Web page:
I was swiftly unblocked and DM’d again. More accusations of harassment. This time I was able to reply, but by now things had spiralled.

I noticed they’d tweeted something that was clearly about me, followed by another tweet saying they didn’t have time for ‘rape apologists’. I felt like I was going to be sick. Is this really what they thought of me?

That was when I decided to text some of my friends. I was hurt, angry and shocked.

My friends reassured me that my piece didn’t come across like that at all. But the person hadn’t read my post, so they wouldn’t know that.

Soon after, things got a bit out of hand. Some of my friends sent angry subtweets. I didn’t ask for that, but we were all fuming and got caught up in the heat of the moment, as you might in an IRL fight.

In the end, everything cooled off, and though we were no longer following each other, we’d reached a sort of truce.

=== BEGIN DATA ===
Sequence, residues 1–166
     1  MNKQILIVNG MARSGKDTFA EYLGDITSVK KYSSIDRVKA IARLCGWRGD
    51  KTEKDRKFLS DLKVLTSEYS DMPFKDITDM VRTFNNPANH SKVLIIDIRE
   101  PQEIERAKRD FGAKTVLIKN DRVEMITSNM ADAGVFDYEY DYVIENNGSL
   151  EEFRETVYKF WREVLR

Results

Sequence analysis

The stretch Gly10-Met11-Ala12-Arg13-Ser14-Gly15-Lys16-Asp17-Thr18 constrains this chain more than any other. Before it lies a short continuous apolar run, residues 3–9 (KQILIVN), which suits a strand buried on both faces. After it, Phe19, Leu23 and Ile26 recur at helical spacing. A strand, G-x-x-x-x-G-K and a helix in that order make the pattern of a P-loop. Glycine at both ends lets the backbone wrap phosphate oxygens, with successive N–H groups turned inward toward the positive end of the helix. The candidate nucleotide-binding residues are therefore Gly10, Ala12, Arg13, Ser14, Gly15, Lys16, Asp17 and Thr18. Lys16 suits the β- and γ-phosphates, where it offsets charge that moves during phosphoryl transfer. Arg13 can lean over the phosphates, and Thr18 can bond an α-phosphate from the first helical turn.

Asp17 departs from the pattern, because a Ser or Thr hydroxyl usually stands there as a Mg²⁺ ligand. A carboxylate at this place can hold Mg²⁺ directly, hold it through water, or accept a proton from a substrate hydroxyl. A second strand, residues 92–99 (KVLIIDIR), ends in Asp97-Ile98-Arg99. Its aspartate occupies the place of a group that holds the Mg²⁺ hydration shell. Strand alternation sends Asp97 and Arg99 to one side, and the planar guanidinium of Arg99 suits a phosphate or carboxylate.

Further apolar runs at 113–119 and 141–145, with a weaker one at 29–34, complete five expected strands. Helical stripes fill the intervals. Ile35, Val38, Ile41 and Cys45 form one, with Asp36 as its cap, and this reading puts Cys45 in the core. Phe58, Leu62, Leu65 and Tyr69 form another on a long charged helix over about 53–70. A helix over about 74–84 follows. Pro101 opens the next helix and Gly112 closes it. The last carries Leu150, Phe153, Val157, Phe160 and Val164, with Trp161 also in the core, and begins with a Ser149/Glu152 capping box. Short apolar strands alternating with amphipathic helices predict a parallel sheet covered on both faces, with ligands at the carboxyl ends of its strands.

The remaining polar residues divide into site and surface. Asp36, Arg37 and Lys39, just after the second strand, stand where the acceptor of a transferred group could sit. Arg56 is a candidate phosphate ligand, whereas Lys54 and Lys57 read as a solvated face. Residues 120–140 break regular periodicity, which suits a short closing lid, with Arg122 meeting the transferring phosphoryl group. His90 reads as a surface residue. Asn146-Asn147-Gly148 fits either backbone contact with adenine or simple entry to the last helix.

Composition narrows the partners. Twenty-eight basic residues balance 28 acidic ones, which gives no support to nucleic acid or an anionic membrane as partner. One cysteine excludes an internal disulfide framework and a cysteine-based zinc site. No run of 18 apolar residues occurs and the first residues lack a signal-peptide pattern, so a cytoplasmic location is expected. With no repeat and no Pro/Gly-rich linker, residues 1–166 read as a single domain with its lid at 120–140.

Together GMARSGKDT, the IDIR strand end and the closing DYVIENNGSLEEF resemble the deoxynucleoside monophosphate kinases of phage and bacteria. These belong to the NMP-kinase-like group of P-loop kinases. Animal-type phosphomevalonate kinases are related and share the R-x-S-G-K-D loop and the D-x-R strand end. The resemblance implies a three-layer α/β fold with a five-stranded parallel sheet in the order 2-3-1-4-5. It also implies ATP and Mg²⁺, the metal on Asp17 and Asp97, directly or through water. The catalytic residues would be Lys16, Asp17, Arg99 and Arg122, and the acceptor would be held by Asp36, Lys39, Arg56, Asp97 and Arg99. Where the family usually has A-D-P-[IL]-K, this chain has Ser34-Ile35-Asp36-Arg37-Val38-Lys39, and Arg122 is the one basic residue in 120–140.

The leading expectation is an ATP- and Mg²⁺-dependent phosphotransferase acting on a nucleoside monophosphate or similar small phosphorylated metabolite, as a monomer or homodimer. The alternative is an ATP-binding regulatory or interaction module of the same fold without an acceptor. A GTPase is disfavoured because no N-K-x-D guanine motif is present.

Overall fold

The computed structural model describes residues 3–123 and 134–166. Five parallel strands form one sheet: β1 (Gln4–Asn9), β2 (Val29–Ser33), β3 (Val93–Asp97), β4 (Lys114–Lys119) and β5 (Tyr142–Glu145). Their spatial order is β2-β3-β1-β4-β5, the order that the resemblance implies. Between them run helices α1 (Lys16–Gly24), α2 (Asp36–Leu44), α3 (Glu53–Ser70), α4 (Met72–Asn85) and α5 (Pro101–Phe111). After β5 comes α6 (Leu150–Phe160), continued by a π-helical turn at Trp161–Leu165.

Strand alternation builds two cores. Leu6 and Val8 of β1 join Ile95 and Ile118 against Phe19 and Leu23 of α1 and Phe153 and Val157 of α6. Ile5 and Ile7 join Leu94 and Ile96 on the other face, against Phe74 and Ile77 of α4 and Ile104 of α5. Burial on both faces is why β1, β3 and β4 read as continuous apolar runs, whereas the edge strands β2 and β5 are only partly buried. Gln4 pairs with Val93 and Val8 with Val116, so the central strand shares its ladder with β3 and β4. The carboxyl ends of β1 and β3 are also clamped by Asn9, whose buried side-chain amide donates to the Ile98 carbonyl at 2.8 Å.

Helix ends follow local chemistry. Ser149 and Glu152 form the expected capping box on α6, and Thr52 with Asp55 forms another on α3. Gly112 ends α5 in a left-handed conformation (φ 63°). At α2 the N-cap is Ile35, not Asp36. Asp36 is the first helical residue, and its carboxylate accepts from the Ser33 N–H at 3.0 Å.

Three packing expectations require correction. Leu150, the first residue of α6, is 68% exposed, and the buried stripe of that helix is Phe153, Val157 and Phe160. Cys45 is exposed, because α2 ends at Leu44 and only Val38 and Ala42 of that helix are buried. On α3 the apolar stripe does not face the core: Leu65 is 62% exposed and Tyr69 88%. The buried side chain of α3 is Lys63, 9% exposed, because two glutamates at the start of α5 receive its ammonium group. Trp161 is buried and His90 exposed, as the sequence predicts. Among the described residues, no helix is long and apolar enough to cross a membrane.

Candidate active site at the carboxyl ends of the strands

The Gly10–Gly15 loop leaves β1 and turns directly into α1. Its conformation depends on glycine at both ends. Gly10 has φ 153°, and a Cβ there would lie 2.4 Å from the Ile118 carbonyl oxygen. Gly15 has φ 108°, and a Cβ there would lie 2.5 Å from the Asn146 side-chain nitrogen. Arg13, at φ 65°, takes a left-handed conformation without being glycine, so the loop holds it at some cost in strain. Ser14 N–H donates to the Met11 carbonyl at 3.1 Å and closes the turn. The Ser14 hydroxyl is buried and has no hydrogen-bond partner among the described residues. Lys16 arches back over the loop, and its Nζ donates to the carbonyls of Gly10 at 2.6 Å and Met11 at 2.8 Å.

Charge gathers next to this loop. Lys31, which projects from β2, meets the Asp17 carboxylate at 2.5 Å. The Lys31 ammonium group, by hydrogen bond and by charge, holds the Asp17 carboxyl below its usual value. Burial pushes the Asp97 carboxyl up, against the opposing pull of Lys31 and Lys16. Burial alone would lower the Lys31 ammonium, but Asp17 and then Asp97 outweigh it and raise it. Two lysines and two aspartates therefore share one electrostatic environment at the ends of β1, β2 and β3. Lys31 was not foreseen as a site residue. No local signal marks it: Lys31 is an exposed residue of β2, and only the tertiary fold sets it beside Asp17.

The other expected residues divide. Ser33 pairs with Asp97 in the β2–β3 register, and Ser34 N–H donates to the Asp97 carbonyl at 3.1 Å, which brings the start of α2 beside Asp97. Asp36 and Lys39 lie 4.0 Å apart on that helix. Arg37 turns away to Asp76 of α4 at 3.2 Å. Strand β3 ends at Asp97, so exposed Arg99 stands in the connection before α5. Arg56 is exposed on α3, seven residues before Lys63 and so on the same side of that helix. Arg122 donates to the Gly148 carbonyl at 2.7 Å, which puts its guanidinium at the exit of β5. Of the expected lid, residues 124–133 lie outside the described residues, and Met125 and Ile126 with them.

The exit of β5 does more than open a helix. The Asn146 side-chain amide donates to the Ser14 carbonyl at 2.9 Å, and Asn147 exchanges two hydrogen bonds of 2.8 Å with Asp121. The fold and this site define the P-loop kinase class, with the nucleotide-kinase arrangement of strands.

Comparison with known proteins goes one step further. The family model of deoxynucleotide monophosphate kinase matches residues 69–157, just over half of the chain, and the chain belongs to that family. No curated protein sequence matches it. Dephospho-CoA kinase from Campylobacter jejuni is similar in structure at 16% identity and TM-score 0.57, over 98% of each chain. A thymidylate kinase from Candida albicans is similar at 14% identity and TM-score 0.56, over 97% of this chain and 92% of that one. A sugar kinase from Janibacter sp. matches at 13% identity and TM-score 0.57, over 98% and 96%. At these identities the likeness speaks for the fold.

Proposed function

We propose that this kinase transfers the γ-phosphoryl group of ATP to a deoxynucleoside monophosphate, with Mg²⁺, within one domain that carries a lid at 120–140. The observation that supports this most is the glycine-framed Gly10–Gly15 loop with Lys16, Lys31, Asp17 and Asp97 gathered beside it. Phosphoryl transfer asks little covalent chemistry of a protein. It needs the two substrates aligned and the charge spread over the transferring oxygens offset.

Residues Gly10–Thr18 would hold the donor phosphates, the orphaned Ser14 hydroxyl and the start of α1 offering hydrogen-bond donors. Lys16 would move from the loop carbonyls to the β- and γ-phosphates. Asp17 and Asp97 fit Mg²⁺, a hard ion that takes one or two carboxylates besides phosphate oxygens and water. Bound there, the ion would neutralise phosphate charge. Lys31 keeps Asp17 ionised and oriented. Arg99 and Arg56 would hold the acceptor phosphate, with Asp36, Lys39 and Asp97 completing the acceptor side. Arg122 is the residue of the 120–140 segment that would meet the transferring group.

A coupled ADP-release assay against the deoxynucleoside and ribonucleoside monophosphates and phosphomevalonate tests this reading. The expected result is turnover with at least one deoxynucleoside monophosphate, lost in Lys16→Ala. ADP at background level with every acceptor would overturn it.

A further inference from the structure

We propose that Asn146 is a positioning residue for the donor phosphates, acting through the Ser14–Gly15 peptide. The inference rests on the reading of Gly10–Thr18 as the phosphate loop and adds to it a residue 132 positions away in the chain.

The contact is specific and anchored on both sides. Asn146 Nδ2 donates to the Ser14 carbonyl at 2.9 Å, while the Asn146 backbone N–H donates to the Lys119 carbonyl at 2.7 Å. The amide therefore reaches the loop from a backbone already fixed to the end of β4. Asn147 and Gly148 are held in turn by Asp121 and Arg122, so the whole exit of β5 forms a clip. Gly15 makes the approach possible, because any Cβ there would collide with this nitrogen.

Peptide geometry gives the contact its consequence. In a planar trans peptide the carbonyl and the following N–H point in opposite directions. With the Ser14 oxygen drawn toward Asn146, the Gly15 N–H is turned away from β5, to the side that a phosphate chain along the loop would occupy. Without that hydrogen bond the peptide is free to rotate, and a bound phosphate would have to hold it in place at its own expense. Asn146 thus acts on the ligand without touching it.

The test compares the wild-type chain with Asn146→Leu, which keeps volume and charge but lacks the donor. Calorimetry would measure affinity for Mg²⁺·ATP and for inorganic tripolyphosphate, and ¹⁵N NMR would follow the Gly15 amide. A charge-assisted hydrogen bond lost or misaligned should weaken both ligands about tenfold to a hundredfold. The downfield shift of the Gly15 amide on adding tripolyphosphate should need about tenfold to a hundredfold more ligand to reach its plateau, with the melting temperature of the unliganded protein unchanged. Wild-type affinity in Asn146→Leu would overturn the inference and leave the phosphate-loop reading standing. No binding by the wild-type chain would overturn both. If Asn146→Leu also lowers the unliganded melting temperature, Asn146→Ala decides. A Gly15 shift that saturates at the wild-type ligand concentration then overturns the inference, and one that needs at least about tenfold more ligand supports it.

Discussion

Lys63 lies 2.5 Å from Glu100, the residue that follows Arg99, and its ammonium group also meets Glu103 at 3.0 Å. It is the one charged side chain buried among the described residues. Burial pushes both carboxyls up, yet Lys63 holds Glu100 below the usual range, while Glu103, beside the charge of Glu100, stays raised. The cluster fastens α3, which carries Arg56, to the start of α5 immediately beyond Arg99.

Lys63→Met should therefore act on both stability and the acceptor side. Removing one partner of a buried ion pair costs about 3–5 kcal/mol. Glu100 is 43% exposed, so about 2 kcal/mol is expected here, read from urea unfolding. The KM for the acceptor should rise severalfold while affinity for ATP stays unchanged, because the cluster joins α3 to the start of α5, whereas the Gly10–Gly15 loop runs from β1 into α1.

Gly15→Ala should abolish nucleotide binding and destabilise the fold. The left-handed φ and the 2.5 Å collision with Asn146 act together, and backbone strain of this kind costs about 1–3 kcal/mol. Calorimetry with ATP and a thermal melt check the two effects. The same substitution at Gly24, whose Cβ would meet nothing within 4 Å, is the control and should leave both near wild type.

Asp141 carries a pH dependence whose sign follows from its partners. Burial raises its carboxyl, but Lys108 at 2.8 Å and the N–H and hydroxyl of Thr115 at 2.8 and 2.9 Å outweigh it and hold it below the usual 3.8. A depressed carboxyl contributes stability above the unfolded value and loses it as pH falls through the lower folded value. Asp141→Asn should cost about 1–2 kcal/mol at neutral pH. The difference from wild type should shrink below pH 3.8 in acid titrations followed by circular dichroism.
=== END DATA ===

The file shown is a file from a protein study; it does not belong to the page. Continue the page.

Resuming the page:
I’ve since disagreed with them about other things. Was I bitter? Maybe. I was quickly blocked again.

Since that big old dish of Twitter beef, I’ve seen that person talk about being bullied for ‘telling it like it is’. I’ve seen them denounce entire groups of people, warning others against their problematic nature.

I’ve had their followers call me a bully and accuse me of being hostile. I believe my behaviour was once branded ‘disgusting’.

But I’ve also had people privately DM me their support, telling me that they’d also been on the receiving end of this sort of disproportionate aggression.

‘Telling it like it is’ is absolutely fine. I’m outspoken in my own way, but if challenged, I will always respond and try to see the other person’s point of view. I know I’m not obligated to do so (and am not suggesting anyone ever is), but I feel that if I’m sharing my thoughts on a public platform, I should be comfortable enough to discuss them in the first place. It’s not comfortable having people disagree with you, but you know what? Many times, I’ve had my mind changed, or at the very least seen things in a less black and white way.

Challenging opinions politely, isn’t bullying. Asking someone to engage in a conversation, isn’t bullying.

Yes, I probably didn’t handle things as well as I could have done on that day, and I deeply regret that the whole thing got as ugly as it did.